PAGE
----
* New parsing rules: oriented towards flexible parsing and compatibility; not based on SGML * Ability to use inline SVG and MathML in text/html * New elements : article, aside, audio, bdi, canvas, command, data, datalist, details, embed, figcaption, figure, footer, header, keygen, mark, meter, nav, output, progress, rp, rt, ruby , section, source, summary, time, track, video, wbr * New types of form controls: dates and times, email, url, search, number, range, tel, color * New attributes : charset (on meta), async (on script) * Global attributes (that can be applied for every element): id, tabindex, hidden, data-* (custom data attributes) * Deprecated elements will be dropped altogether: acronym, applet, basefont, big, center, dir, font, frame, frameset , isindex, noframes, strike, tt

dev.w3.org provides the latest _Editors Draft_ of " HTML5
HTML5
differences from HTML
HTML
4", which provides a complete outline of additions, removals and changes between HTML5
HTML5
and HTML
HTML
4.

LOGO

The W3C HTML5
HTML5
logo

On 18 January 2011, the W3C introduced a logo to represent the use of or interest in HTML5. Unlike other badges previously issued by the W3C, it does not imply validity or conformance to a certain standard. As of 1 April 2011, this logo is official.

When initially presenting it to the public, the W3C announced the HTML5
HTML5
logo as a "general-purpose visual identity for a broad set of open web technologies, including HTML5, CSS , SVG, WOFF , and others". Some web standard advocates, including The Web Standards Project, criticized that definition of "HTML5" as an umbrella term, pointing out the blurring of terminology and the potential for miscommunication. Three days later, the W3C responded to community feedback and changed the logo's definition, dropping the enumeration of related technologies. The W3C then said the logo "represents HTML5, the cornerstone for modern Web applications".

DIGITAL RIGHTS MANAGEMENT

Industry players including the BBC
BBC
, Google
Google
, Microsoft
Microsoft
, and Netflix have been lobbying for the inclusion of Encrypted Media Extensions (EME), a form of digital rights management (DRM), into the HTML5 standard. As of the end of 2012 and the beginning of 2013, 27 organisations including the Free Software Foundation have started a campaign against including digital rights management in the HTML5 standard. However, in late September 2013, the W3C HTML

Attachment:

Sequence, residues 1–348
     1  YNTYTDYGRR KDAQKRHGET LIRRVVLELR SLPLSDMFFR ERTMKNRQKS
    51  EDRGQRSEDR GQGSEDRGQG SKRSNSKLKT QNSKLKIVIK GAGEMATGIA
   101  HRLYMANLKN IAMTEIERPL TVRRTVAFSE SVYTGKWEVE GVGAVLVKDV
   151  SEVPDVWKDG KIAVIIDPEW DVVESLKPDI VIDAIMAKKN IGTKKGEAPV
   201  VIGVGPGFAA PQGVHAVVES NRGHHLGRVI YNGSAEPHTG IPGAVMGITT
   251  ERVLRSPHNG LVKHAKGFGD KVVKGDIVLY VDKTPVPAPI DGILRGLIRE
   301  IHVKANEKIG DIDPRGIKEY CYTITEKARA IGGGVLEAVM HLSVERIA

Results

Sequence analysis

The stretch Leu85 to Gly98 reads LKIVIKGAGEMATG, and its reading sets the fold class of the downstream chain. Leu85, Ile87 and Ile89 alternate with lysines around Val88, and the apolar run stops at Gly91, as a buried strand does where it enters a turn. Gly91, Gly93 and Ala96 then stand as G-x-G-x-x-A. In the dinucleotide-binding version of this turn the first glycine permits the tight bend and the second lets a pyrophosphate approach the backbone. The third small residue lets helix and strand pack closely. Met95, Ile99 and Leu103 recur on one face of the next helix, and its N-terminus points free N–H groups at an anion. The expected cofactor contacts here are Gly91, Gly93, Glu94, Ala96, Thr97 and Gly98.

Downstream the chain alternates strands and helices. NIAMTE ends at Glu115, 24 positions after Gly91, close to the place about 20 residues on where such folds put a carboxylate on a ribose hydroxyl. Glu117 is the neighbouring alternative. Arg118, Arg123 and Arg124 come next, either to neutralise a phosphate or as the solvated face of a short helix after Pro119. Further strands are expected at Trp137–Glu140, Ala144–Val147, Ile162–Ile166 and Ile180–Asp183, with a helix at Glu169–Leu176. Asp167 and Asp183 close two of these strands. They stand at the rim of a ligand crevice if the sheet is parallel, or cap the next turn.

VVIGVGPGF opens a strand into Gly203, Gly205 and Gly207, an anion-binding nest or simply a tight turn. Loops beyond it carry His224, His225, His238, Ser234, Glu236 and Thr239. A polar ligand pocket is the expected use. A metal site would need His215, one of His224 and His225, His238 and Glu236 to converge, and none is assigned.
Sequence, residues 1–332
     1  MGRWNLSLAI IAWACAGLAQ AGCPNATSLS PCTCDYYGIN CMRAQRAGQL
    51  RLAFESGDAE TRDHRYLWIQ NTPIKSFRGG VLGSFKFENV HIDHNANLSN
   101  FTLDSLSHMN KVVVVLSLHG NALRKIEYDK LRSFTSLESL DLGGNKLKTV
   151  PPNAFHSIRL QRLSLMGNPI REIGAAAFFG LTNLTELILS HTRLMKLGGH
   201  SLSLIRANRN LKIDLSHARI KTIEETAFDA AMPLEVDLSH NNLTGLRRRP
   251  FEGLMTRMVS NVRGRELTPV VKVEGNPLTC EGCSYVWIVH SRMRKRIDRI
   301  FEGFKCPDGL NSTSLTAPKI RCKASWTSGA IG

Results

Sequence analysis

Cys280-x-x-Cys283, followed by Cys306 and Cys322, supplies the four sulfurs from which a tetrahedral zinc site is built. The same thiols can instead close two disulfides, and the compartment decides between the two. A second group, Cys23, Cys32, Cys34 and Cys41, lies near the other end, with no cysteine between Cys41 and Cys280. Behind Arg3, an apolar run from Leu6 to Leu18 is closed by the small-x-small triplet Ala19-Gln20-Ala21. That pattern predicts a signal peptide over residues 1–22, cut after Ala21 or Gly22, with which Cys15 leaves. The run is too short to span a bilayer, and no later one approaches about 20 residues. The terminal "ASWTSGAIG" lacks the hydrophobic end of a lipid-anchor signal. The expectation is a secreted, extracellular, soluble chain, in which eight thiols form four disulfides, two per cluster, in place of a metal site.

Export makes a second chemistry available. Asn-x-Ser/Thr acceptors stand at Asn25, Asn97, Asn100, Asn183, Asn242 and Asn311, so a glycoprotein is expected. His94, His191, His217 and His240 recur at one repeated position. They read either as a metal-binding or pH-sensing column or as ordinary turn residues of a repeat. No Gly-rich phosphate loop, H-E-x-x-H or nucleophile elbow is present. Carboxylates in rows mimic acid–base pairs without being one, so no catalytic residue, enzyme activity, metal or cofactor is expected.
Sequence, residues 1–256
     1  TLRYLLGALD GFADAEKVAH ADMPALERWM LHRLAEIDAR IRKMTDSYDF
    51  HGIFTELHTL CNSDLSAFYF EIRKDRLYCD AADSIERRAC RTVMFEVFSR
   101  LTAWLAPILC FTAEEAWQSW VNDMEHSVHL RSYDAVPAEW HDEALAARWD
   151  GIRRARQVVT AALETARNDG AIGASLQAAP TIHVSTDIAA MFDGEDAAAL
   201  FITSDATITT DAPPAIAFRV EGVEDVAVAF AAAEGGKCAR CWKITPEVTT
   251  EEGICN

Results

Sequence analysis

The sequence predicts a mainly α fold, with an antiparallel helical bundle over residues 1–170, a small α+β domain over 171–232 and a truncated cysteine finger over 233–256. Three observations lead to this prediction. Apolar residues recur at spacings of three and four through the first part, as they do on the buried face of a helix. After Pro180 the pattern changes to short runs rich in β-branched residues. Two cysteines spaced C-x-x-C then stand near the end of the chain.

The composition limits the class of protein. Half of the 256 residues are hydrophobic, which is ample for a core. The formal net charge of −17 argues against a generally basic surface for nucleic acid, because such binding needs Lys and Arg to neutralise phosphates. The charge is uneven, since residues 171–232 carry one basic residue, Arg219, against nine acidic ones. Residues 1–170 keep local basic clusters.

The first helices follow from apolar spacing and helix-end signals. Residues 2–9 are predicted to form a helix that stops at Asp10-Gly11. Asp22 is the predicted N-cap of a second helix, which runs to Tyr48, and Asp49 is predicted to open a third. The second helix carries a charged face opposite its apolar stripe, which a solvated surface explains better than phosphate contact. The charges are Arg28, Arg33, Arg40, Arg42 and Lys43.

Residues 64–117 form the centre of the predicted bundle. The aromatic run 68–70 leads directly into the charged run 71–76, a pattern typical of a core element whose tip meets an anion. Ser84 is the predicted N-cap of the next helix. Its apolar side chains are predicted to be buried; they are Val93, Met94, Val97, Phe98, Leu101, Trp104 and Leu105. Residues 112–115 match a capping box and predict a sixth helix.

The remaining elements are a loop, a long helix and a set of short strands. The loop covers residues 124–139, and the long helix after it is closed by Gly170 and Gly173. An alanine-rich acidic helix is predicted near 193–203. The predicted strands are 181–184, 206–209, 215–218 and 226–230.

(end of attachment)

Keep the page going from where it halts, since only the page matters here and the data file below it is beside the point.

HTML
Working Group decided that Encrypted Media Extensions, a form of DRM, was "in scope" and will potentially be included in the HTML
HTML
5.1 standard. WHATWG 's " HTML
HTML
Living Standard" continued to be developed without DRM-enabled proposals.

Manu Sporny, a member of the W3C , said that EME will not solve the problem it's supposed to address. Opponents point out that EME itself is just an architecture for a DRM plug-in mechanism.

The initial enablers for DRM in HTML5
HTML5
were Google
Google
and Microsoft. Supporters also include Adobe. On 14 May 2014, Mozilla announced plans to support EME in Firefox
Firefox
, the last major browser to avoid DRM. Calling it "a difficult and uncomfortable step", Andreas Gal of Mozilla explained that future versions of Firefox
Firefox
would remain open source but ship with a sandbox designed to run a content decryption module developed by Adobe. While promising to "work on alternative solutions", Mozilla's Executive Chair Mitchell Baker stated that a refusal to implement EME would have accomplished little more than convincing many users to switch browsers. This decision was condemned by Cory Doctorow
Cory Doctorow
and the Free Software Foundation .

SEE ALSO

* Computer science portal * Internet portal

* Cache manifest in HTML5 * Comparison of layout engines (HTML5) * HTML5 in mobile devices * Polyglot HTML5 * Ian Hickson , Google
Google
maineditor of HTML5
HTML5
specs * David Hyatt , Apple editor of HTML5
HTML5
specs

NOTES

* ^ In the W3C recommendation, there is no space between "HTML" and "5" in the name.

REFERENCES

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EXTERNAL LINKS

_ Wikimedia Commons has media